• Prospect research. It’s not just for the big guys, and it’s not magic.

**As previously featured by The Nonprofit Times

Six Tips for Your Nonprofit in the Sharing Economy

May 2016 DConnection: Use Your Skills in a New Way – Volunteer Today!

I was studying for the Certified Fund Raising Executive (CFRE) credential a few years ago and was struggling to get the volunteer and education hours required for the application. I had been fundraising for many years and had started to back off on attending education sessions. Plus my work (and nieces and nephews) had taken all of my “volunteer” time. As I filled out my CFRE application it became clear to me that I was in a rut, working for my organization, but not my field.

I was an active participant in the AFP DC Law and Justice Affinity Group at the time so I reached out to a few of my colleagues from that group to ask how I could get more involved. I was and continue to be surprised by all of the wonderful volunteer opportunities right here in our chapter. I started as a volunteer on the education committee, and later joined the board, served as co-chair of National Capital Philanthropy Day 2015 and this year I am vice president of education for the chapter.

I share my journey because I’ve gone from not using the many benefits the chapter offers to being fully engaged in just a few years.  Now I’m putting my time – and money – right here in my community, working to improve the field I’ve spent my career promoting.

There are tons of ways for you to get involved as well.  Let’s think about it in terms of skill set:

  • Are you good at the art of the ask?  AFP DC could use your talents to secure sponsorships for the Bridge Conference and National Capital Philanthropy Day, two of the chapter’s signature events.
  • Are you social media savvy?  We need volunteers to get the word out about our education programs by tweeting from the sessions. And we need you to teach others how to do it.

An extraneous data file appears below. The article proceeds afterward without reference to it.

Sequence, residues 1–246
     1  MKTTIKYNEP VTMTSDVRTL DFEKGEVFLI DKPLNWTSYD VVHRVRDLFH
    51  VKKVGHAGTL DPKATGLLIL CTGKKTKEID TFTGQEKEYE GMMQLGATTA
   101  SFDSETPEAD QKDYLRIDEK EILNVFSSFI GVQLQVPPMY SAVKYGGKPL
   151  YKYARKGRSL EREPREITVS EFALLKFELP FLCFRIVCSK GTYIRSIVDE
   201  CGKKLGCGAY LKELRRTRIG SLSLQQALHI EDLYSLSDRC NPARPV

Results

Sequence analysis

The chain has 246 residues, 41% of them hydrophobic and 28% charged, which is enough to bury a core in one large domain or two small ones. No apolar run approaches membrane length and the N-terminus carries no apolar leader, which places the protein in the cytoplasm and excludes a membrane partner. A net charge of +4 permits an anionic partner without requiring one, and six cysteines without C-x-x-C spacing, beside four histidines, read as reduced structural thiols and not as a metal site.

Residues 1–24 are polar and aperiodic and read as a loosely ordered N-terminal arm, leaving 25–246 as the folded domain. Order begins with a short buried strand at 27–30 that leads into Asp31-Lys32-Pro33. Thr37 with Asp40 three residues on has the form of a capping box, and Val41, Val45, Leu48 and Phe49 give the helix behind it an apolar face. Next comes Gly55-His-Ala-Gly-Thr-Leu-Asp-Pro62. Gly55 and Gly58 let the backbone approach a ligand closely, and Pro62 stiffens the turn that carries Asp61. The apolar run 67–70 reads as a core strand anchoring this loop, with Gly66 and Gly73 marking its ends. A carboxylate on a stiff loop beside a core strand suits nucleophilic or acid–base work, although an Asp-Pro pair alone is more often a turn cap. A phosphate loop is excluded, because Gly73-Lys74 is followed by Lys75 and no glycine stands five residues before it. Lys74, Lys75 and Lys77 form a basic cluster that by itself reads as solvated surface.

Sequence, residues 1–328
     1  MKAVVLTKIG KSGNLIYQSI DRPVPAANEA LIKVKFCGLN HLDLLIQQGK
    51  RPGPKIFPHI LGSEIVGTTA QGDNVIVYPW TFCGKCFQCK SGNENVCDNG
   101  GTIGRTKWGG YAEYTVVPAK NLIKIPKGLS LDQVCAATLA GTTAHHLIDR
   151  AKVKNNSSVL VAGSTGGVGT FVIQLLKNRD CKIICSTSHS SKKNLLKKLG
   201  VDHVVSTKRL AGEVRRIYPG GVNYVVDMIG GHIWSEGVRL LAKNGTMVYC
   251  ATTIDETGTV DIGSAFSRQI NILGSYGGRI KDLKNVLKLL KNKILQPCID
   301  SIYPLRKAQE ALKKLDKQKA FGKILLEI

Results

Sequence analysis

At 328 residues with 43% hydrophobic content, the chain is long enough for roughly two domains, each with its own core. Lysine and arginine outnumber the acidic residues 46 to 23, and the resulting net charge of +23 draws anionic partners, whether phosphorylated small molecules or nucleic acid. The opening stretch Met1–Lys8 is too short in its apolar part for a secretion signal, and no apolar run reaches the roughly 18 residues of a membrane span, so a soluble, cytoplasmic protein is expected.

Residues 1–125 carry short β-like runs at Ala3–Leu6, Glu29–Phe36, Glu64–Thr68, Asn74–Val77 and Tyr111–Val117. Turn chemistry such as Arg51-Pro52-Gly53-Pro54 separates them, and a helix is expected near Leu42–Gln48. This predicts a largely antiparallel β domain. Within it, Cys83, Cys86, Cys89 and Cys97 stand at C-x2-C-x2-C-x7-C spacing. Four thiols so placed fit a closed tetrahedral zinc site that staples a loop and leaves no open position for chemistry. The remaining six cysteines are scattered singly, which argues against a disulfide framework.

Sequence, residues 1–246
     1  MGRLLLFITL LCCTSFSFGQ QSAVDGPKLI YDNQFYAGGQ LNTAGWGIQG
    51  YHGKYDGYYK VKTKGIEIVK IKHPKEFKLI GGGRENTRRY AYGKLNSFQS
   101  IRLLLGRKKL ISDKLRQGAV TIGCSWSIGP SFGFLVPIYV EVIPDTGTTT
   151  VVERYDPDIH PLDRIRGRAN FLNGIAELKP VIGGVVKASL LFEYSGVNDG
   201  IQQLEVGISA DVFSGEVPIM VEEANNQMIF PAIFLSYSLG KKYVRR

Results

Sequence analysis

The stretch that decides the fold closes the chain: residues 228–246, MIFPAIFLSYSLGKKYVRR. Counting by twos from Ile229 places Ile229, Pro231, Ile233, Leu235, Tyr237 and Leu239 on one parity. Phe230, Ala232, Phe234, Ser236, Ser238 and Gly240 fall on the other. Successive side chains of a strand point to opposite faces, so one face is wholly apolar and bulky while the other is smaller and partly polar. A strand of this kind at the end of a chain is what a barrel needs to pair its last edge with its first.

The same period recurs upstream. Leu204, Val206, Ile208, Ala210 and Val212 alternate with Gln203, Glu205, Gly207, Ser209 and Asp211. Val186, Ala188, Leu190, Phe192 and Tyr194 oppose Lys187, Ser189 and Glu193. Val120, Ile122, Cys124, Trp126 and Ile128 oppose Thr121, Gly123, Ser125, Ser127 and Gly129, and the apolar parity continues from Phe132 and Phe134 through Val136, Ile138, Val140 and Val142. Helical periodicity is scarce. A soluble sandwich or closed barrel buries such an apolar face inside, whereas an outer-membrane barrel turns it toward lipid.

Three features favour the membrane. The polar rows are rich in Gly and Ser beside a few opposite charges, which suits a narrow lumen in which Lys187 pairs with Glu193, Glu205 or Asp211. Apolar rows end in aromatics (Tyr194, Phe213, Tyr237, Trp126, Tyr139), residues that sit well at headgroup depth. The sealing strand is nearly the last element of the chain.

• If marketing and communications are your forte, then consider volunteering to refresh the chapter website, develop promotional copy for e-blasts or write articles for the newsletter.
  • If you’re an event person, there is great demand for your expertise.  This year we’ve got 38 education sessions to pull off, plus the Bridge Conference and National Capital Philanthropy Day.
  • Are you a whiz with numbers?  We could certainly use this skill set on the Finance Committee.  If you’re more of a data geek, we’d love to have your help with data analysis for the chapter.

These are just a handful of ways you can get involved as an AFP DC volunteer.  Click here to learn more.

**As previously featured by the Association of Fundraising Professionals Washington D.C. Metro Area Chapter

Use Your Skills in a New Way – Volunteer Today

I was studying for the Certified Fund Raising Executive (CFRE) credential a few years ago and was struggling to get the volunteer and education hours required for the application. I had been fundraising for many years and had started to back off on attending education sessions. Plus my work (and nieces and nephews) had taken all of my “volunteer” time. As I filled out my CFRE application it became clear to me that I was in a rut, working for my organization, but not my field.

I was an active participant in the AFP DC Law and Justice Affinity Group at the time so I reached out to a few of my colleagues from that group to ask how I could get more involved. I was and continue to be surprised by all of the wonderful volunteer opportunities right here in our chapter. I started as a volunteer on the education committee, and later joined the board, served as co-chair of National Capital Philanthropy Day 2015 and this year I am vice president of education for the chapter.

I share my journey because I’ve gone from not using the many benefits the chapter offers to being fully engaged in just a few years.  Now I’m putting my time – and money – right here in my community, working to improve the field I’ve spent my career promoting.

There are tons of ways for you to get involved as well.  Let’s think about it in terms of skill set:

  • Are you good at the art of the ask?  AFP DC could use your talents to secure sponsorships for the Bridge Conference and National Capital Philanthropy Day, two of the chapter’s signature events.
  • Are you social media savvy?  We need volunteers to get the word out about our education programs by tweeting from the sessions. And we need you to teach others how to do it.
  • If marketing and communications are your forte, then consider volunteering to refresh the chapter website, develop promotional copy for e-blasts or write articles for the newsletter.
  • If you’re an event person, there is great demand for your expertise.  This year we’ve got 38 education sessions to pull off, plus the Bridge Conference and National Capital Philanthropy Day.
  • Are you a whiz with numbers?  We could certainly use this skill set on the Finance Committee.  If you’re more of a data geek, we’d love to have your help with data analysis for the chapter.

These are just a handful of ways you can get involved as an AFP DC volunteer.  Click here to learn more.

**As previously featured by the Association of Fundraising Professionals Washington D.C. Metro Area Chapter